Citizen Ferry Group Has More Work To Do

The Citizens Write Plan C ferry group hasn’t gone away.
Formed to develop a third long-range plan for Washington State Ferries from people underwhelmed by the agency’s plans A and B, the citizens work group enjoyed some successes during the 2009 legislative session. But there’s still much to be done.
The group has scheduled a strategy meeting to discuss issues its members say need to be addressed before the next session. It will be held from 9:30 a.m. to 12:30 p.m. at the Norm Dicks Government Center in Bremerton.
The group helped to keep service from being cut, to hold fare increases in check and to get money for new boats. But it disagrees about which boats to build.
The Senate wanted four 64-car ferries, the House and WSF preferred three 64s and two 144s, and the Plan C group said no 64-car boats were needed and to get started right away on 144s. It sought to convert two old 87-car ferries to work on the Port Townsend-Keyport route instead of new 64s, but ferries director David Moseley said that had already been studied and rejected.
The 2009-2011 transportation budget pays for two 64-car ferries in addition to one that’s already being built. The fourth, depending on how much money remains, will carry either 64 or 144 vehicles, and the budget begins funding for a 144-car ferry. The first boat would be delivered in 2010, with one added each of the following three years. At the earliest, a 144-car ferry would arrive in 2013.
That’s not soon enough, according to the group.
The state’s law that ferries have to be built in Washington precludes them from getting federal funds, but stimulus money might cover terminal work that’s already budgeted and the state money could slide to ferry-building, said Kari Ulatoski, a Plan C member and Vashon Island commuter.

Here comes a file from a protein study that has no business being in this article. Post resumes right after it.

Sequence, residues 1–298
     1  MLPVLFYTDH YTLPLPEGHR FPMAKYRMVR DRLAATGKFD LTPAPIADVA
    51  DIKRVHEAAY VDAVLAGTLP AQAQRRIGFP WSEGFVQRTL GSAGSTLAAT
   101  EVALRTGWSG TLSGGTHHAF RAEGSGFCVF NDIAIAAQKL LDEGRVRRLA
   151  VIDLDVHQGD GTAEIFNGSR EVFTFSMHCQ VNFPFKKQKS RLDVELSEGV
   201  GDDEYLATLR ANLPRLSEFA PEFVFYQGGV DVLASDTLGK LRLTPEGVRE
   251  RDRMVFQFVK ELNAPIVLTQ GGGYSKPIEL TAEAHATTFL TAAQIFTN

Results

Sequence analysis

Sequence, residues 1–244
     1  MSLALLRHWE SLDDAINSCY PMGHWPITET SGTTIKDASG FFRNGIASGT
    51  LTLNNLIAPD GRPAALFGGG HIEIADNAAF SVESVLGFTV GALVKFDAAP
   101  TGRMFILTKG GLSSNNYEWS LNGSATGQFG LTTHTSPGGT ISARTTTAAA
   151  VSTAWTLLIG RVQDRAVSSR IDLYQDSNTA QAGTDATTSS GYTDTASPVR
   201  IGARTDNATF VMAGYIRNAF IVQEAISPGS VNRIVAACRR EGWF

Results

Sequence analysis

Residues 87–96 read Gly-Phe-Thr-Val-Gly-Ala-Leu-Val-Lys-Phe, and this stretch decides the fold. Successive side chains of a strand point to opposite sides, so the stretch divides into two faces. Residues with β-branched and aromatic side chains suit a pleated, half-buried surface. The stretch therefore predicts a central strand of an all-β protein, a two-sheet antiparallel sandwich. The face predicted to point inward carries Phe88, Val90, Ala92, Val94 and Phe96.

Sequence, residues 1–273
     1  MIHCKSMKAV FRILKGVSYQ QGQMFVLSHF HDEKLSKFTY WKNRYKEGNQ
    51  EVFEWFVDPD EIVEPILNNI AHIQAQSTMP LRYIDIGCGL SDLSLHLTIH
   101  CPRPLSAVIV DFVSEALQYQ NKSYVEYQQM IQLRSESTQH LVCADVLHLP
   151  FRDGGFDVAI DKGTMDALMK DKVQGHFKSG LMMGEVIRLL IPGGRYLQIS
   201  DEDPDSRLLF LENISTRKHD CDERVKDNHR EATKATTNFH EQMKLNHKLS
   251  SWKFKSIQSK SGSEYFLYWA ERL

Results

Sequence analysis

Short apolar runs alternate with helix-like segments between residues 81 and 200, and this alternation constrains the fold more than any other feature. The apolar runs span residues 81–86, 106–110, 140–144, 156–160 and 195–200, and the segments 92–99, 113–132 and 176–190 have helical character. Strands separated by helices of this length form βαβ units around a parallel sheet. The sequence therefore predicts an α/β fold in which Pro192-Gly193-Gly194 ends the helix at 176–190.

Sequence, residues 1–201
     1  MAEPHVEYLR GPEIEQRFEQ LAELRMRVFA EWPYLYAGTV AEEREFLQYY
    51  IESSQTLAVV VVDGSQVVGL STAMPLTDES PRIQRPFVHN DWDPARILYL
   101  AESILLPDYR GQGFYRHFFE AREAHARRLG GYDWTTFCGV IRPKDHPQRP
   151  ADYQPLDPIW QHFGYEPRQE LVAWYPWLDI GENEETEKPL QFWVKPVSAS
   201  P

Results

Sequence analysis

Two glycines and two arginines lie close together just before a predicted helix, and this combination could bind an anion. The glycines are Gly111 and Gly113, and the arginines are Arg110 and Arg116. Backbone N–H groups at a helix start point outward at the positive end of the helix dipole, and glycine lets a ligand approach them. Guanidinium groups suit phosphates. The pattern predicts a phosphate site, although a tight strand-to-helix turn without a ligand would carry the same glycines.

“The message is loud and clear,” she said. “We have no backup ferries on the major routes. One 144-car ferry would take the pressure off of having to deprive one route of something when another route needs it.
“That’s why it’s really our job as members of our ferry communities to try to convey to the legislators the absolute importance that additional 144 has to these communities.”
Rep. Larry Seaquist, who spearheaded the group, said the ferry system needs about $9 million by fall to pay for the final design of the 144-car ferry if construction is to begin right after the third 64-car boat is finished. That’s where the juggling of stimulus funds and state money might come into play.
The second key issue for the Plan C group locking up some participation in the fare process and other decisions, Seaquist said. They call that the ferry community advisory council.
And the elephant in the room, Ulatoski said, is a permanent source of stable funding that’s been missing since 2000.
She said the ferry system is directed by the legislature and governor “and we need to not make them the whipping boy for issues that need to be resolved outside of their purview, whether you’re talking about fare increases or what boats to build. I think they are in agreement with us.”